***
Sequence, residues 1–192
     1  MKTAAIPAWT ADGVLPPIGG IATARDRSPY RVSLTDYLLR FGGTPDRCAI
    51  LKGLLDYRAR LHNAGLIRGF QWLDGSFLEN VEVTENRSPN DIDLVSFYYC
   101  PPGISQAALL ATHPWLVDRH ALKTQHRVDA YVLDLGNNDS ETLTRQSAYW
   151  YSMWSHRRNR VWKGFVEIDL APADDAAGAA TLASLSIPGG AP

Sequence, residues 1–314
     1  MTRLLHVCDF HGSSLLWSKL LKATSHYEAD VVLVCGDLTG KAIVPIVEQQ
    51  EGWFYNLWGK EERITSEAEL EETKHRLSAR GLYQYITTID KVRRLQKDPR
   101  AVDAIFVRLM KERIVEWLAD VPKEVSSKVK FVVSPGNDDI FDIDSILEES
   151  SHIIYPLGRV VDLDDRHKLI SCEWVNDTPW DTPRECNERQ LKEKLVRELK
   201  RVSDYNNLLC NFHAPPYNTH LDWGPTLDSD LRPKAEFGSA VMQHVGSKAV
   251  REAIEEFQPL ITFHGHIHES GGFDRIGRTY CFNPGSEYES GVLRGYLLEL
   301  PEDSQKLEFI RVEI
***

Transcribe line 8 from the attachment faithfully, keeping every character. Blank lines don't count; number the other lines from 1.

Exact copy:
    51  EGWFYNLWGK EERITSEAEL EETKHRLSAR GLYQYITTID KVRRLQKDPR